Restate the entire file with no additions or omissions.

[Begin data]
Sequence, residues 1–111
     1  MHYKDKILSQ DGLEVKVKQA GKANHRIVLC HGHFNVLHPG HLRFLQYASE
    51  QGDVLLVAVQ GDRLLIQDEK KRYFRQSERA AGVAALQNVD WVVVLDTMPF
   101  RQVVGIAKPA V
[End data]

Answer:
Sequence, residues 1–111
     1  MHYKDKILSQ DGLEVKVKQA GKANHRIVLC HGHFNVLHPG HLRFLQYASE
    51  QGDVLLVAVQ GDRLLIQDEK KRYFRQSERA AGVAALQNVD WVVVLDTMPF
   101  RQVVGIAKPA V